Originally published on the NY1 Website::
Kensington Residents Want City To Put A Stop To Overdevelopment
How much is too much when it comes to developing the city? That
depends on who you ask. In the following report, NY1s Jeanine Ramirez
tells us residents in one neighborhood say enough is enough, while
developers fight for more.
Liz Vona-Cohen won a blue ribbon
in the Special Olympics riding a horse. She learned her skills at the
Kensington Stables. But the future of the stable is uncertain now that
the East Windsor Terrace area is being stampeded by developers.
not until we’re pushed out, where we’ll become this memory, and it’s
really disgusting because I don’t know how much building you can put,”
says Fran Levy, an instructor at Kensington Stables.
this year, the 19th century building that Kensington Stables rented and
used as a barn was sold to make way a 107-unit condominium complex. The
horses were forced into the remaining building, and to make room, the
indoor riding ring had to be eliminated. With no indoor riding ring,
Kensington Stables lost its program for the disabled.
its workers say the cramped conditions inside are tough, they’re
feeling squeezed outside as well, as three residential buildings that
surround it are in the works. While construction on two are already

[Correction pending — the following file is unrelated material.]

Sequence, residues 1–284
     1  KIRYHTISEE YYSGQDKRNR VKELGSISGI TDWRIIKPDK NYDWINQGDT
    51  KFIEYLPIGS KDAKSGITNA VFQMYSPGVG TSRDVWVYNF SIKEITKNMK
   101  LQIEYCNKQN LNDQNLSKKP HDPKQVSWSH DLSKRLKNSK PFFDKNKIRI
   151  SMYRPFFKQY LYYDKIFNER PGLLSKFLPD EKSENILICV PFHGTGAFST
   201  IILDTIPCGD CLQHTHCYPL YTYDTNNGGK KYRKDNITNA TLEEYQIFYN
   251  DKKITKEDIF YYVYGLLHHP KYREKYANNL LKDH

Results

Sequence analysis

underway, the community is trying to stop the third.
that we’re against development. It’s having development that’s sensible
and thats planned,” says area resident Rebecca Gallager.
hearing at Brooklyn Borough Hall Monday night, residents spoke out
against a 68-unit condominium complex that would sit diagonally across
from the stable. The developer wants the city to rezone the lot in
order to build bigger, but just last month, Community Board 7 rejected
Residents are hoping the borough president does the same.
only two people living in each occupied unit, we would have at least
588 more people living in the neighborhood,” says an area resident.
add this new building to the mix when we haven’t yet seen the
consequences of the other two new condo buildings right in our
neighborhood?” asks a neighbor.
The developer did make some
concessions for the community, including additional underground parking
and setting back his complex to allow for more yard space.
the borough president is expected to make his recommendations by next
month, and then the city Planning Commission has its say.
– Jeanine Ramirez